• Shortening your payment terms. For example, from 30 days to 14
  • Including 'Due Upon Receipt' on your invoices (instead of 'Payment Due Within 30 Days', for example)
  • Depending on your customer/industry, request a percentage of the payment before you start any work or deliver anything

Online invoicing

Some accounting software can automatically send out invoices for both regular or ad hoc payments, as soon as they're due, and prompt customers automatically if a payment is overdue1.

If expenses are a part of your usual invoices, you could speed up the process by attaching digital copies of the receipts along with the bill.

Accepting online payments

If it's appropriate to your type of business, consider providing a function that allows your customers to pay you securely online. Online payments are convenient, you could increase sales and, in turn, improve cash flow by cutting out the lengthy delay involved with sending out invoices and waiting for payment to be received.

Careful use of credit

Business loans, overdrafts, credit cards or another line of credit could help with any issues with your cash flow. Having a safety net will help put your mind at ease should you have an unexpected bill, a purchase that you need to pay for, or a customer who's late with their payment. Make sure you consider different types of credit that are available, as some are relatively expensive and not appropriate for long term borrowing e.g. credit cards.

Checking customer credit history

Depending on the nature of your business, it may be wise to check who you're doing business with before delivering goods or providing services without securing payment up front. If you're concerned over customers defaulting on payments, there are some proactive measures you can take to minimise this risk:

  • Use business credit checking agencies: For large orders, it may be worth paying for a credit report on the customer, so that you have a good idea of how safe it is to do business with them. There are a few websites that offer this:
  • Experian
  • Equifax
  • Creditsafe
  • Graydon
  • TransUnion
  • Consumer credit reports: If you're working with a small business, run by a sole owner, checking their personal credit rating could help give you an insight into how likely the business is likely to pay promptly. The three main agencies for consumer credit reports are Experian, Equifax and TransUnion.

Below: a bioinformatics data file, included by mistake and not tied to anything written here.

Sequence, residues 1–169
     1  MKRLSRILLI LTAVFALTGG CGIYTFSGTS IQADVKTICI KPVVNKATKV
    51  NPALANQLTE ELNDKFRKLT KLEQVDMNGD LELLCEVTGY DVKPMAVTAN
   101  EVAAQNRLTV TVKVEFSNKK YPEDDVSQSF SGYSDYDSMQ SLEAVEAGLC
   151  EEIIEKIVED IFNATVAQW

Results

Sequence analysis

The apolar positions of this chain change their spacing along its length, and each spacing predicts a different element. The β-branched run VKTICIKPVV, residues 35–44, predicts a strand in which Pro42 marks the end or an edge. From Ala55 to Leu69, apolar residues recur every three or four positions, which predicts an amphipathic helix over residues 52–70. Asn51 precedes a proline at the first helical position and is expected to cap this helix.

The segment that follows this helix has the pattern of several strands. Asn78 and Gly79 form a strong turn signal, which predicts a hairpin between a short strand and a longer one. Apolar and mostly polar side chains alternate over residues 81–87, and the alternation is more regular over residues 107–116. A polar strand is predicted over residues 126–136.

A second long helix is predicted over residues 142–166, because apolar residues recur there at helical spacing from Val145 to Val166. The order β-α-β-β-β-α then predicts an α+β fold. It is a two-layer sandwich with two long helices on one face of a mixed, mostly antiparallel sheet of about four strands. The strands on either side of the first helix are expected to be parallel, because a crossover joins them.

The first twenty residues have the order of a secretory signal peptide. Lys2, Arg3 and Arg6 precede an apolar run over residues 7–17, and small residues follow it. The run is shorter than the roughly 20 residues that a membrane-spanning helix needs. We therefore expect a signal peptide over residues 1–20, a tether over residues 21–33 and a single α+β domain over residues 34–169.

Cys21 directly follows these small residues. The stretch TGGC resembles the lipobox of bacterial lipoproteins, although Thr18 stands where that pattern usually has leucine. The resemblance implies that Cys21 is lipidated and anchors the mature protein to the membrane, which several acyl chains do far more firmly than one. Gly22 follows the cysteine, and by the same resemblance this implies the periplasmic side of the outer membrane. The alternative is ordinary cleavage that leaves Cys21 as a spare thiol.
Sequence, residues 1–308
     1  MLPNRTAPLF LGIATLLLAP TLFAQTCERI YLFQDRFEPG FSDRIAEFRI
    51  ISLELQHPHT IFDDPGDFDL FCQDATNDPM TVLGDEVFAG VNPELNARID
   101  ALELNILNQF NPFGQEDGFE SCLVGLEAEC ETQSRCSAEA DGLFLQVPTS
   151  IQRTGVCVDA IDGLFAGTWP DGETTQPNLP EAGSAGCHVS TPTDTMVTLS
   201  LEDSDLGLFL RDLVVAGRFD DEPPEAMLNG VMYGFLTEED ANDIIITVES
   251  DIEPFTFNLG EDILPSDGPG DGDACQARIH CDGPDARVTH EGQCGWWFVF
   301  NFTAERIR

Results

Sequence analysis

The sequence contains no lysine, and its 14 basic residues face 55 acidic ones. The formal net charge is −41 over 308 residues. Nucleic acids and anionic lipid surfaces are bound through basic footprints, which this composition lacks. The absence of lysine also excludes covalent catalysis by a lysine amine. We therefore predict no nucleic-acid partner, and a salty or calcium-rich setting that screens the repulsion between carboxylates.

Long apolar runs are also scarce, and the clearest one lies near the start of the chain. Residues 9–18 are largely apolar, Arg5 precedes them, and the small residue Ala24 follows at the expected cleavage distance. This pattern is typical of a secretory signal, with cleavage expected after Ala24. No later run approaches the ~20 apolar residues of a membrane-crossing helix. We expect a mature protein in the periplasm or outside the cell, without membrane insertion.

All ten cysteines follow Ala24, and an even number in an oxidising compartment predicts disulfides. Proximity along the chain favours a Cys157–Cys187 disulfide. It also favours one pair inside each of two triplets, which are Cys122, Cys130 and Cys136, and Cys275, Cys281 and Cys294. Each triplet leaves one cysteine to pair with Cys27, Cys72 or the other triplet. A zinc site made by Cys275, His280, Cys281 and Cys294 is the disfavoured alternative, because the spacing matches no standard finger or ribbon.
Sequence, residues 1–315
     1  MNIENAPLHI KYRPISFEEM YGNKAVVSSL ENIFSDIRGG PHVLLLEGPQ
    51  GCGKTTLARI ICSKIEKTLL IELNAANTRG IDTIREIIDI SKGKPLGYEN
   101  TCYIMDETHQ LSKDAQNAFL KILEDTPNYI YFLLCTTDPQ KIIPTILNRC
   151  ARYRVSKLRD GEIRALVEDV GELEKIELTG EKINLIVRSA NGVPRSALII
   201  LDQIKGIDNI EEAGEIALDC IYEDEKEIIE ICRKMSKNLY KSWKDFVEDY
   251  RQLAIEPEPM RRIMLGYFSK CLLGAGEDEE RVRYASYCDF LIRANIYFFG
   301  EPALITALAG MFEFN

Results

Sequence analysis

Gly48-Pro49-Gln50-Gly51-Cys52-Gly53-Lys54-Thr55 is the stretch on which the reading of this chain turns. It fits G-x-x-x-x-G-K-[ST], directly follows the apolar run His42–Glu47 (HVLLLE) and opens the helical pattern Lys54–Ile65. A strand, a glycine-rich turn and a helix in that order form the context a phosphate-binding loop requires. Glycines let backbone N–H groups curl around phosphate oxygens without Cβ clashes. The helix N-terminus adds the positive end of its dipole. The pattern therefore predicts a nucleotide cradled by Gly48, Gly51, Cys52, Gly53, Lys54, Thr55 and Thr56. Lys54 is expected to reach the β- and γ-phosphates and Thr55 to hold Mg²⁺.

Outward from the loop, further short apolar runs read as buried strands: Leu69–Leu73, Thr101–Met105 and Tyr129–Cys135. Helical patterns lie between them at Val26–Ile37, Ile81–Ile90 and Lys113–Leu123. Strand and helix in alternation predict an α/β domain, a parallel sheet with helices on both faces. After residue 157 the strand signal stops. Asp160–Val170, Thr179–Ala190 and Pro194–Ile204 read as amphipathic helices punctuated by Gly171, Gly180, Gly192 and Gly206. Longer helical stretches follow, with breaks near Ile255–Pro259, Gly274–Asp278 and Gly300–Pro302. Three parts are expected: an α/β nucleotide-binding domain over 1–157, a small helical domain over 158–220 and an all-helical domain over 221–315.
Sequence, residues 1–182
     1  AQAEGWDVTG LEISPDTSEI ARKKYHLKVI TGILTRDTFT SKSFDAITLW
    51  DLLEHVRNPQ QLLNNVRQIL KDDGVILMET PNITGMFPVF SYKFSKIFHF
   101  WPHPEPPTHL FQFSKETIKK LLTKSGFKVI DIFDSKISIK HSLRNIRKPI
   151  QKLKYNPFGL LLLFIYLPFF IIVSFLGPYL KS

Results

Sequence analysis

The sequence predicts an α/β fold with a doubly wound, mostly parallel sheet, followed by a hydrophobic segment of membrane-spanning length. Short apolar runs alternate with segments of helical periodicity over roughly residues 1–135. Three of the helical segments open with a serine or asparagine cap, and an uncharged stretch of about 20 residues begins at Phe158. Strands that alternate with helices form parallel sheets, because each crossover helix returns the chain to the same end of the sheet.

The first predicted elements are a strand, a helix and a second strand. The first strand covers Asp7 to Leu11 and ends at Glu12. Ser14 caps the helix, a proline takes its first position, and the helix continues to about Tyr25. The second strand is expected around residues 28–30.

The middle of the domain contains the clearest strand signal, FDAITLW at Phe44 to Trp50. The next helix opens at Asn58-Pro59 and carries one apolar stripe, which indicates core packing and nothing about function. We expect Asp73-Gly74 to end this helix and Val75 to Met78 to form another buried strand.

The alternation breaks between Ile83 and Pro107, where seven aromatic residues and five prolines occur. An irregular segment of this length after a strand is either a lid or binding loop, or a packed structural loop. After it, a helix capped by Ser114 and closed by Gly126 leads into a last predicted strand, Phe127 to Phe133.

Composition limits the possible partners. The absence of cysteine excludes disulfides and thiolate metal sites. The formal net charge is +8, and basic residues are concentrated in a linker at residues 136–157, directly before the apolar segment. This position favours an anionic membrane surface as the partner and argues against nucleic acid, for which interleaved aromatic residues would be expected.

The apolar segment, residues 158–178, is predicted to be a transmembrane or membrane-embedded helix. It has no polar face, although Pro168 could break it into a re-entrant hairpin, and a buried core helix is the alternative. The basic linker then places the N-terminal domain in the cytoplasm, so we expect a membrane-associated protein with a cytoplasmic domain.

Get contact information

Make sure you're getting full contact information about the person placing an order with you as well as the name, phone number and email address of the person in the accounts department who will be responsible for paying you. That way you can chase up payment more effectively.

Cost cutting

Although having one supplier can sometimes be convenient, shopping around for the best deals can help save you money. Your main supplier could have the best price on an office photocopier, but you could find a better deal on ink and paper elsewhere. And, why not check out comparison sites to ensure that your business is getting a competitive deal on the energy it uses? Some Business accounts even offer cashback, which could help you save that little bit extra on stock purchases. Find out more about cashback offers at the bottom of this page.

A healthy cash flow is critical to any business. Careful planning from the start will give you a better chance of success, but if you do encounter problems, we hope the steps in our guide will help give your cash flow a boost.

Want access to more handy business guides? Our friends over at Cashplus have a Community Site that is filled with insightful information. Or perhaps you're still on the lookout for a Business Current Account! Pay bills, track spending, and connect to online accounting software for real-time updates and account management. Smart, simple and fast current accounts for freelancers, start ups and small businesses. And to add to all those excellent features, they're even offering cashback on card purchases.

Click here to find out more about the Cashplus business current account and apply.

Read more

Five things to remember when cash flow forecasting for your business